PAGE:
Despite efforts, UT’s sex ed proves inefficient

Gabby Sanchez

In my middle school health class, we swapped water between plastic cups in a game to learn about sexually transmitted infections.  At the end of the game our teacher revealed who received an STI and who got lucky. We giggled at whose cup changed color, which signaled an infection, and boasted when our cup remained clear. This follows us to high school, where many of us begin our sex life. Never learning about safe sex, we still hope that we remain lucky.

In Texas, sex education is not required by law. If a district does create a program it must emphasize abstinence above all other forms as the primary mode of protection from STIs and pregnancy. Districts must also give parents the option to opt their children out of any sex education programs. This means that a student could enter college with no prior sex education. 

With these huge gaps in education for children when it comes to healthy sex it’s no wonder the CDC reports that Texas is in the top 15 states when it comes to rates of STIs such as syphilis, chlamydia and gonorrhea.

According to data from the University Health Services on campus, testing for STIs has been on a steady incline over the last five years, but so has the percentage of positive results. Between the 2014–2015 and 2015–2016 school year, the rate of positive herpes test results increased by 5 percent.

The UHS should receive credit for their effort to raise awareness when it comes to the importance of healthy sex, instituting many programs such as condom distribution and a sex trivia workshop. However, over 2/3 of students on campus are sexually active, but 50 percent or less report using some form of contraception during their last sexual encounter. This may mean the university is not doing enough to provide the information and tools necessary to students to ensure a healthy sexuality.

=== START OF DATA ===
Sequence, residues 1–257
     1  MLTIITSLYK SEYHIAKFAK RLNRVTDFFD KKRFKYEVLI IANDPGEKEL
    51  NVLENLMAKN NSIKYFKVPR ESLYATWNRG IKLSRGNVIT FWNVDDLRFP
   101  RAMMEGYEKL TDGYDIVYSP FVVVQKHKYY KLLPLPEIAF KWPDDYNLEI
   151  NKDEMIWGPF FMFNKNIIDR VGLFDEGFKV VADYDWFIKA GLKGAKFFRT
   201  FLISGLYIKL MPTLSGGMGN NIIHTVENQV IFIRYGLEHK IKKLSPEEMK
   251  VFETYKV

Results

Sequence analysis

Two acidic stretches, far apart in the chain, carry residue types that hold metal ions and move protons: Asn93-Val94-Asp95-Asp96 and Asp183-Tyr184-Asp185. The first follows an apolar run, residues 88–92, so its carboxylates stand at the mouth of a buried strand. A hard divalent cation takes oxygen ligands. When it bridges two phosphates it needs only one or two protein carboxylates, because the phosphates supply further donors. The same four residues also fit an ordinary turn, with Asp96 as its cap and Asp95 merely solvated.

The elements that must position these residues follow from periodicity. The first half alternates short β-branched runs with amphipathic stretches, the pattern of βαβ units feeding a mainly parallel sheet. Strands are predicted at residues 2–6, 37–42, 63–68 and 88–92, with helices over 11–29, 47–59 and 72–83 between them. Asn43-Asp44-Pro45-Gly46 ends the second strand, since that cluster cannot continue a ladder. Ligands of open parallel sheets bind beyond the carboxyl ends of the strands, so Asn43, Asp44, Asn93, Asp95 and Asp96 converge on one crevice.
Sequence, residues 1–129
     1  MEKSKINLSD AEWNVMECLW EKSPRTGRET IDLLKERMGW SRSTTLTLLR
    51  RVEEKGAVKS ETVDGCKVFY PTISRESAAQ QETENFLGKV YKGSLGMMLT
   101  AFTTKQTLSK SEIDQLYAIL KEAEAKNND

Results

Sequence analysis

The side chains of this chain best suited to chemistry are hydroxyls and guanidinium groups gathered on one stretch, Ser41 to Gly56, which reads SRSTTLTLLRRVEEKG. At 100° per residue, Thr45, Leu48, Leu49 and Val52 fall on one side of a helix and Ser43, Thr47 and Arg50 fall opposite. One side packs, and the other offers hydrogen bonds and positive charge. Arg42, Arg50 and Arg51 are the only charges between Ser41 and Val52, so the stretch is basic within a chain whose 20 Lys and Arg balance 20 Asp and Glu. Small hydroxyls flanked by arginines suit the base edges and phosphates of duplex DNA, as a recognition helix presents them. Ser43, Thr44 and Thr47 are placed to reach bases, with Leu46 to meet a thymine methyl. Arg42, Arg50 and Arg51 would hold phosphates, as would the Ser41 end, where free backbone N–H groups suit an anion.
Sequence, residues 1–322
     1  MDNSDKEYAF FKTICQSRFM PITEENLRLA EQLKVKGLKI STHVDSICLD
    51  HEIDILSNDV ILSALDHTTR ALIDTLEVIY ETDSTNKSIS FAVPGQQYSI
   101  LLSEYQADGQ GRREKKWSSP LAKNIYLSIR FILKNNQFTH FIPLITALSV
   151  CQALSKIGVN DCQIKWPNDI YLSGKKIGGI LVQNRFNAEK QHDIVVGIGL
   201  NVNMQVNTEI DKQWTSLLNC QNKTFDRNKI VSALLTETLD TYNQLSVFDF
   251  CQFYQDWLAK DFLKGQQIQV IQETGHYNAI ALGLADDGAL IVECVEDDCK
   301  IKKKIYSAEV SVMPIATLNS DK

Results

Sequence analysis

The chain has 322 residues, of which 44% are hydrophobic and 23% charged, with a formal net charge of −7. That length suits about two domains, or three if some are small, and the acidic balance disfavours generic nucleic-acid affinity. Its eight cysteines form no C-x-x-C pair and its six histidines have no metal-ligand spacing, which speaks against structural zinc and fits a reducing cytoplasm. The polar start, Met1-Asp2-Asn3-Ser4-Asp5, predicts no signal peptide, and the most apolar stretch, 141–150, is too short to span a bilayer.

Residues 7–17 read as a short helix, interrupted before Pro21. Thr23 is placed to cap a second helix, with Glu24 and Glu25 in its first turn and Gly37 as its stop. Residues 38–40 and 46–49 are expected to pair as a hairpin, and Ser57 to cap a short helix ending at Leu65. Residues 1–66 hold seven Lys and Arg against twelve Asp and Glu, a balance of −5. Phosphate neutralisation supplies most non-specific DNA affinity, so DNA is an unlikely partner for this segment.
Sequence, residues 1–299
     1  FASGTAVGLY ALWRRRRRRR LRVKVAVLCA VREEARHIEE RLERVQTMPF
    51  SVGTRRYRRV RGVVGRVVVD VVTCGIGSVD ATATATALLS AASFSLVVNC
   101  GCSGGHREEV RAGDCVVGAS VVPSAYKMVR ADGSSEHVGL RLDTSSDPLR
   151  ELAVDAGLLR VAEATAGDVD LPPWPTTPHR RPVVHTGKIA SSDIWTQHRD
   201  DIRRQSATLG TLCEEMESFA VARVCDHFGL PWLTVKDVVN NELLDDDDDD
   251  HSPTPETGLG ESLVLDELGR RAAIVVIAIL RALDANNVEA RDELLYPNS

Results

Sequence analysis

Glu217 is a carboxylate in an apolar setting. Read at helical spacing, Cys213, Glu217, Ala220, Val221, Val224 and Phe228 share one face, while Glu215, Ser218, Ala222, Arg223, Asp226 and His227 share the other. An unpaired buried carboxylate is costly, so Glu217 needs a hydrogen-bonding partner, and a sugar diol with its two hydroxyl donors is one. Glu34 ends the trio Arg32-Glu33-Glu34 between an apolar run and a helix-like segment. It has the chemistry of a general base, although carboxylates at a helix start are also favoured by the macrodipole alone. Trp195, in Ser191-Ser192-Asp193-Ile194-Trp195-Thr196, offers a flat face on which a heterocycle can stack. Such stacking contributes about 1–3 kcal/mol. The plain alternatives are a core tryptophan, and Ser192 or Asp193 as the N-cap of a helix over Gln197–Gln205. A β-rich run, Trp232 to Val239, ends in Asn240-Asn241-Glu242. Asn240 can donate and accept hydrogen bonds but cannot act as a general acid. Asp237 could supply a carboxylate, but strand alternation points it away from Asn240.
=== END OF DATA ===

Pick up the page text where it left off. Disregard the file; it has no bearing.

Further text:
The University makes an effort to combat alcohol misuse and sexual assault on campus through programs like Haven and AlcoholEdu. If the University required every freshman to complete a sex education program along with the AlcoholEdu and Haven program (which teaches about sexual assault), students would enter college knowing all the options when it comes to safe sex and the importance of it. Those who never received extensive information would finally receive it as adults, and those who had would learn even more in-depth.

There is an opportunity to catch students up when it comes to sex education, but it needs to be more engaging and comprehensive for every student on campus. It is not just about using condoms and birth control. It’s about giving students the tools they need to make responsible decisions while they’re at the University. It’s about knowing when to get tested to avoid long lasting damages from STIs. It’s about letting nothing get in the way of a student’s academic success, especially an STI or unplanned pregnancy. 

Sanchez is a journalism freshman from Round Rock.